BOOKS: PerPETual Care & All My Children Wear Fur Coats
From ANIMAL PEOPLE, December 2005:
Who will look after your pets if you’re not around?
by Lisa Rogak
Litterature (212 Kinsman Rd., Grafton, NH 03240), 2003.
192 pages, paperback. $15.00.
All My Children Wear Fur Coats:
How to leave a legacy for your pet
by Peggy R. Hoyt, J.D., MBA
Legacy Planning Partners, LLC (251 Plaza Dr., Suite B, Oviedo, FL
32765), 2002. 182 pages, paperback, $19.95.
The importance of careful estate planning, especially when
the goal is to benefit animals, was underscored on December 2, 2005
when Circuit Judge Steven H. Goldman of St. Louis County, Missouri
permanently removed attorney Eric Taylor as a trustee of the Olive
Dempsey Charitable Trust.
Judge Goldman ordered Taylor to repay to the trust $266,213
in fees and expenses collected while serving as co-trustee with
accountant James Richardson.
Dempsey, a retired telephone company employee, hired Taylor
and Richardson to form the trust in 1998. At her death in December
2000 the trust had assets of about $2 million. During the next three
years, according to IRS Form 990, Taylor collected at least
$221,929 in administrative fees. Richardson, who resigned
co-trusteeship earlier, collected $159,103.
Among the few claimed program activities while Taylor and
Richardson ran the Dempsey Trust were two grants of $10,000 made in
2001 to the Center for Expansion of Fundamental Rights, headed by
disbarred former Massachusetts animal rights attorney Stephen Wise.
Incorporated in 1996, the Center has never filed IRS Form 990,
presumably because it never had annual income of more than $25,000.
Taylor and Richardson also formed a subsidiary called the RT
Trust, called The Animal Trust on Form 990. The subsidiary never
obtained Missouri nonprofit status. St. Louis activist Colleen
Tillman was briefly employed as executive director, followed by
former St. Louis Animal Rights Team president Janet Enoch, who was
paid $17,102 for approximately one year of service.
“I was to set up a campaign to address puppy mills,” Enoch
told ANIMAL PEOPLE. “Shirley Sostman and I coordinated protests at
local Petland stores and closed them.”
Another St. Louis activist, Brenda Shoss, was paid $500 for
computer work. $100 was donated to one local animal shelter.
So little program spending was authorized that Enoch
eventually brought in an outside attorney to investigate, who took
the management of the Olive Dempsey Charitable Trust to the Missouri
state attorney’s office.
Taylor, 62, did not appear at trial. Formerly practicing
tax and estate law in Creve Coeur, Missouri, he is believed to be
living now in Thailand.
“Taylor tried unsuccessfully last year to remove $500,000
from the trust through electronic messages sent from Thailand and
Laos to a stock brokerage,” reported William C. Lhotka of the St.
Louis Post-Dispatch. This followed “a previous failed attempt to
obtain $600,000 from the trust to invest in public housing in Wright
City,” Lhotka wrote.
The Olive Dempsey Charitable Trust is now under the
administration of the U.S. Bank, with assets reduced to about $1
million. Whether it will ever help animals and children as Olive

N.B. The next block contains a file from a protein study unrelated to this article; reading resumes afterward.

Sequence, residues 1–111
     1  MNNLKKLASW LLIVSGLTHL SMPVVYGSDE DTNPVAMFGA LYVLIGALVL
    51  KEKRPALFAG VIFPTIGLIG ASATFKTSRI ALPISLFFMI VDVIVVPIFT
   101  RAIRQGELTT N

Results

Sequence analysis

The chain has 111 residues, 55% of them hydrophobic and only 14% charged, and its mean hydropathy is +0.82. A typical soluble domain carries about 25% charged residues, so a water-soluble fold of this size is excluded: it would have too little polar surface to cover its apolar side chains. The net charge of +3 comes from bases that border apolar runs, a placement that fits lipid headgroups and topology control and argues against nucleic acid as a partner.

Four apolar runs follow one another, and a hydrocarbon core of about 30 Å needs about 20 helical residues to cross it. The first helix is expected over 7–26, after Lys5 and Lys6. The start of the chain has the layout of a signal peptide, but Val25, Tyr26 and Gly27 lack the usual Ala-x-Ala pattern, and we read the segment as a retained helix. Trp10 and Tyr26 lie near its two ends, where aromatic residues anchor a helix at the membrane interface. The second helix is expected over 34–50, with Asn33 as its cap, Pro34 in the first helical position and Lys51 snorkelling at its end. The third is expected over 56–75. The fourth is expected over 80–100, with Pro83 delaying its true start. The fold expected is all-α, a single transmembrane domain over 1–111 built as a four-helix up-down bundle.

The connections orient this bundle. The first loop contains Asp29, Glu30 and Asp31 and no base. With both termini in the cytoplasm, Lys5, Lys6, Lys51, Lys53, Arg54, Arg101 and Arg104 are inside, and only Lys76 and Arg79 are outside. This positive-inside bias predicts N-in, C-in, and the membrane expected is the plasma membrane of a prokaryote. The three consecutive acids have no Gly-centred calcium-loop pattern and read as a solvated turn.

Dempsey intended is yet to be seen.
Similar cases come to the attention of ANIMAL PEOPLE at the rate of
about one per year.
PerPETual Care and All My Child-ren Wear Fur Coats might have
helped Olive Dempsey. Both books begin by discussing provisions for
posthumous care of one’s personal animals, as the topic of most
urgent concern to the majority of potential customers, but both move
from there into the larger question of how best to benefit animals
and animal charities with an intended bequest. Both begin with
disclaimers, describe all the standard legal mechanisms that might
be used, and include almost identical advice.
One cannot say there is not a dime’s difference between them.
PerPETual Care is four bucks cheaper, author Lisa Rogak pledges to
donate $5.00 per copy sold through the <www.PerPETualCareBook.com>
web site “to the shelter or rescue of the buyer’s choice,” if you
can get the site to load (I couldn’t), and Rogak, who writes for a
living, displays considerably more humor than Peggy Hoyt, author of
All My Children Wear Fur Coats.
Hoyt is a lawyer. Her father, John Hoyt, headed the Humane
Society of the U.S. from 1970 to 1996. She predictably plugs HSUS
early and relatively often.
While Peggy Hoyt’s writing is not colorful, her discussions
of legal issues are both thorough and easily read by non-lawyers. The
first 161 pages of All My Children Wear Fur Coats are legal advice,
whereas Rogak runs out of advice at 87 pages and fills the last half
of her book with lists and appendices.
On the other hand, Rogak’s inclusion of specific language
from state statutes governing pet trusts and a sample pet trust may
prove useful. In addition, Rogak’s book is thoroughly indexed.
Hoyt’s has no index.
Both All My Children Wear Fur Coats and PerPETual Care have
utility. However, most of the basics are accessible for free in
Estate Planning For ANIMAL PEOPLE: Making Bequests to Animal
Charities, and Setting up Trusts to Benefit Animals. This may be
downloaded from <www.animalpeoplenews.org/ MakingBequestsS.cfm>.
Whether you use the ANIMAL PEOPLE handout, Hoyt, or Rogak
as your primer, your next step should be hiring the estate planning
help you need. Like death and taxes, that step seems inevitable.